Of course, we are not alone in such arrogance and pride.  It is the failure of every generation to defer to the past any authority and to insist that newer is better, that we are more educated and erudite than our forbearers.  While it is certainly true that our knowledge has expanded, the implicit conclusion of such hubris is to believe that this expansion negates and omits what went before.  Among some this could be applied to arguments in which some would insist that you believe the science while at the same time positing the science to a momentary postulation and ignoring the weight of evidence of history.  Among others it is the constant attention to exception and the substitute of exception for the rule or norm of a time or position.  Among Christians, it is the common fallacy that we know more about God's Word than those who went before us and therefore cannot be bothered by the statements of Scripture except, perhaps, those directly related to matters of salvation.  Neatly dividing the Word of Truth is no longer then about Law or Gospel but about sorting out the myth, legend, poetry, and falsehoods from the one truth.  But that is the point, isn't it.  Who gets to decide which are the myths, legends, poetry, falsehoods, and truth in the Scriptures?  Who decides which words belong to God and which belong to man?

The goal and end result is then not to better understand or know the Scriptures but to be able to omit or erase or diminish portions of those Scriptures that offend against modern sensibility or individual conscience or conviction.  Thus the goal of such hubris all around is to elevate the individual, the reason of the individual, the feelings of the individual, and the moment of the individual above anything and everything else.  And how is that working for us?  Well, look around.  With churches arguing over which words we ought to pay attention to and which words do not belong in the mouth of God, Scripture is left with little authority and even less power.  It is what we make it to be.  The same can be said for history, science, and every other division of human knowledge and culture.  Nothing is what it is -- everything is what we make it to be.  And if we do not make it to be anything, then it is nothing.  The only problem with this is that eventually it comes right back to us.  And the nothing ends up being me. 

Monday, February 26, 2024

Get behind me, Satan

Sermon for the Second Sunday in Lent (B), preached on Sunday, Februar7 25, 2024.

The famous Peter principle is that everyone will rise to the level of their incompetence.  It is a terrible truth that admits that when we are at our glory, we are also the most vulnerable.  For this reason then, the failure of Peter and the occasion for the Lord’s most biting condemnation is very bit as important as what Peter got right by claiming Jesus is the Son of the Living God.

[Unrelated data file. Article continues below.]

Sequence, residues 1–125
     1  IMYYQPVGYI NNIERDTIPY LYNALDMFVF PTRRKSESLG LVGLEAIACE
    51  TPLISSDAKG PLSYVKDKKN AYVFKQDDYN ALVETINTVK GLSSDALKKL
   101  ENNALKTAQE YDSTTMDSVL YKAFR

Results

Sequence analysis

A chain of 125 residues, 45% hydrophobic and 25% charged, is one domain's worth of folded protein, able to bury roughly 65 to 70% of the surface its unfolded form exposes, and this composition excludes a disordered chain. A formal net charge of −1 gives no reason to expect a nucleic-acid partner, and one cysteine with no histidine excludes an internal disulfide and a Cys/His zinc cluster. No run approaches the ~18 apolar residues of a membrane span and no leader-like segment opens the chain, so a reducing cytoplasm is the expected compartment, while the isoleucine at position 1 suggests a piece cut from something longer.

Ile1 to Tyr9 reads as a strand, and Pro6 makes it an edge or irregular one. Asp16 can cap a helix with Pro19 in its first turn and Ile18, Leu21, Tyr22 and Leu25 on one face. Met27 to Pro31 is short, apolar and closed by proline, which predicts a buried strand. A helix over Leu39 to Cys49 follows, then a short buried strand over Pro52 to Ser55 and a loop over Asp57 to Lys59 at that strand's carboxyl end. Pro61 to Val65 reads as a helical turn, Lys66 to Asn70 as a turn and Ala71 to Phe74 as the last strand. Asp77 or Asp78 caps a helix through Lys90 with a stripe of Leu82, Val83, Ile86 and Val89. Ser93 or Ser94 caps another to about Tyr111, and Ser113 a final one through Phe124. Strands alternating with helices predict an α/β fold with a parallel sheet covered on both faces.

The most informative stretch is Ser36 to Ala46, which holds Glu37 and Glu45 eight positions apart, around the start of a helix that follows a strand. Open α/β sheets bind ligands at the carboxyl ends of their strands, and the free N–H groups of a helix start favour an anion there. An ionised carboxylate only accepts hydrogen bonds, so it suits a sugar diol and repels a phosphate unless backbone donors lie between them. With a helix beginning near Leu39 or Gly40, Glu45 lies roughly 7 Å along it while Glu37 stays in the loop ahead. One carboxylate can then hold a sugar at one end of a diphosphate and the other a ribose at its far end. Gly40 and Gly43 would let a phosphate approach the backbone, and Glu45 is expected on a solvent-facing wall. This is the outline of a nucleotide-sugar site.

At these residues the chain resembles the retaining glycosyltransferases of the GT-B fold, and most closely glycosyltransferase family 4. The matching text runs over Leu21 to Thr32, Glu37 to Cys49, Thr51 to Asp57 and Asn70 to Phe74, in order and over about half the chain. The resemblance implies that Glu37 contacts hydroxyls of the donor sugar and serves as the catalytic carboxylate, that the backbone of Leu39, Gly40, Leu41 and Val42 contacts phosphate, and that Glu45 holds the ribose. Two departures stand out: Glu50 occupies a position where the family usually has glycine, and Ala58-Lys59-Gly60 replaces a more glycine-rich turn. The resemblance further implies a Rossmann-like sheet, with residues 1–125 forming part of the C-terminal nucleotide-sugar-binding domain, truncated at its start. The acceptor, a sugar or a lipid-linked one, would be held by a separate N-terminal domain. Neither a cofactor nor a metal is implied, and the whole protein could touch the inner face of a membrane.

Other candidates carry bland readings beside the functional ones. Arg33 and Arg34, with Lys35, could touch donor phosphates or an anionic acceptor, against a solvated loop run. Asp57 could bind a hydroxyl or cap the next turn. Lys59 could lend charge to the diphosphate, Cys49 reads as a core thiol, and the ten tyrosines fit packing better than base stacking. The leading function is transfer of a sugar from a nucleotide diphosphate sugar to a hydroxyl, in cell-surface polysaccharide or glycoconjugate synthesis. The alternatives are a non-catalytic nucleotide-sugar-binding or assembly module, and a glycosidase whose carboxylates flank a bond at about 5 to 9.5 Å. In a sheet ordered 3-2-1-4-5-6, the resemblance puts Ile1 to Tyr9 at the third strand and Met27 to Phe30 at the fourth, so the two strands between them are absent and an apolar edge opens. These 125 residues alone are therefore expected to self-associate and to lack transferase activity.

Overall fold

Jesus warned Peter and His disciples of this before.  You have your minds on the things of men and not on the things of God.  That describes Peter to a T.  Maybe even everyone in this room.  The things of man are the things on which we plan and connive.  The things of man are the things that well up inside of us and begin to define who we are despite our good words about belonging to the Lord.  The things of man are the things the world also values just as the world does not leave much room for the things of God so our hearts have small space for the things of God and plenty of room for our wants and desires.

Peter is no fool.  He heard the Lord.  The Son of Man shall suffer many things, be rejected, crucified, die, and on the third day rise again.  Peter knew that what was the future for Jesus was probably his own future as well.  Who wants that?  But before you condemn Peter, look into the mirror of your own soul.  You don’t want that either.  No student is above His teacher.  Peter could read the writing on the wall.  He may have thought he was protecting Jesus but he was also protecting himself and his life from the pain and suffering that Jesus seemed entirely too comfortable with.  Set up a tent on the mountain top but do not venture in the valley of the shadow.  Is there anyone here who does not get this?  Of course not.

Peter is looking for an easier way.  So are you.  So am I.  None of us wants pain or suffering or sacrifice.  None of us is good with loss.  We are really good at pretend – at playing the game of life more with the what ifs than what is.  We are really good at playing at happiness.  The purpose driven lives we live are driven purposefully at avoiding what happened to Jesus happening to you and me.  That is why the Christian life is hard.  We value our happiness more than holiness.  We want pleasure more than faithfulness.  We want a God who understands even more than a God who forgives.  We want to hold onto our bitterness and anger rather than forgive.  We want to increase the distance between our enemies rather than forgive them as God has forgiven us.  We want the bird in the hand of a good life now even more than we want a perfect eternal life.

We think that the purpose of this life is to get what we want.  Like Peter, we are not quite ready to risk all trusting Jesus.  Meanwhile the Holy Spirit is working in us to see the cross as the path for our own lives, to seek first the Kingdom of God and His righteousness, to repent of our sin and to forgive as we have been forgiven, and, most of all, to live in fellowship with our Father through His Son.

Jesus’ life is no tragic opera.  He does not lose anything.  Instead He gains everything.  The Gospel is not some fairy tale but the love of God exposed for the world to see and the call for the loved by God to love God as He has loved us.  In the end, Peter would drink the cup of suffering and be baptized into a painful death.  What Peter did not see was that God would raise him up to everlasting life and that the moment of suffering would give way to an eternity of peace.